Deputy Registrar Suzanne Solven
Leaving College in July 2016
Suzanne Solven, Deputy Registrar, will be leaving the College effective July 5, 2016.
During her 9-year tenure, Suzanne made many significant contributions to the College. In addition to fulfilling her role as Deputy Registrar, Suzanne also led various program areas as the College evolved, including pharmacy inspections, complaints resolution, and legislation, discipline and investigations. She also acted as College Registrar prior to Bob Nakagawa joining the College in 2012.
“I’ve had the pleasure of working with Suzanne for many years, both at the College and at the Ministry of Health,” said Registrar Bob Nakagawa. “She has been a cornerstone at the College, and we wish her all the best.”
One of Suzanne’s first major accomplishments at the College was contributing to the transition to the Health Professions Act in 2009. She also played a key role in the government submission to expand the pharmacist’s scope of practice to include prescription adaptations. Suzanne has also been integral in the College’s work on methadone maintenance treatment. She invested her time in building stakeholder relationships with many groups, including patient advocacy groups to ensure their perspectives were incorporated into the initiative. She led the development of the Methadone Maintenance Treatment Action Plan and oversaw more than 20 focused inspections and 2 pharmacy suspensions related to methadone.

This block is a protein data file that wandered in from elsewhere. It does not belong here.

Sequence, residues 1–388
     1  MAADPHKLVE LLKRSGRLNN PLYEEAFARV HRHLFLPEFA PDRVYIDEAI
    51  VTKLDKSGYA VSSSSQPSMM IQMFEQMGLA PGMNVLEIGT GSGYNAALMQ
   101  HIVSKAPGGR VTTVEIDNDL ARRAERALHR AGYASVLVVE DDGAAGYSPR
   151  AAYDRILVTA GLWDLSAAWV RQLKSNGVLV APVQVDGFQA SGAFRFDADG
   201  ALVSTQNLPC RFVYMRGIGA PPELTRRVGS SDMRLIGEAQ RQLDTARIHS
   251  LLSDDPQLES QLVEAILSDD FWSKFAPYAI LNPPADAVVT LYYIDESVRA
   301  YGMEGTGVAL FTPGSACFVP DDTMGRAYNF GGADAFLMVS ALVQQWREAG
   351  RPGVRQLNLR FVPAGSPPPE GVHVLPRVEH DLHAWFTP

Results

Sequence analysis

Further to her work on methadone, Suzanne has been very involved in the College’s discipline cases. As the staff resource on the Inquiry and Discipline Committees, she supported the committees to take action in the interest of public safety.
Under Suzanne’s leadership, the College introduced new security requirements for community pharmacies. Suzanne was in constant contact with the College’s Robbery Prevention Working Group, as well as the Vancouver Police Department throughout the development of the requirements to ensure their success. Prior to implementing these security measures, pharmacy robberies were rampant; there were 39 in 2014 and 40 from January to September 2015. Since introducing time-delay safes in community pharmacies, the College has seen a drastic reduction – only 5 pharmacy robberies have been reported. Suzanne also took on the task of getting recent changes to the Pharmacy Operations and Drug Scheduling Act that allow the College to know the identities of current and potential pharmacy owners.
Most recently, Suzanne led the College’s preparedness on medical assistance in dying. She took a leadership role provincially along with Health Authorities, the Ministry of Health and other regulatory Colleges to ensure that pharmacists and pharmacy technicians clearly understood the College’s expectations throughout the quickly changing legal landscape.
Suzanne values mentorship, and invested her time with College staff and pharmacy students. She led by example, and approached her work with tact and grace under pressure.
Suzanne has accepted a position with Pacific Blue Cross. We thank her for her dedication to the College.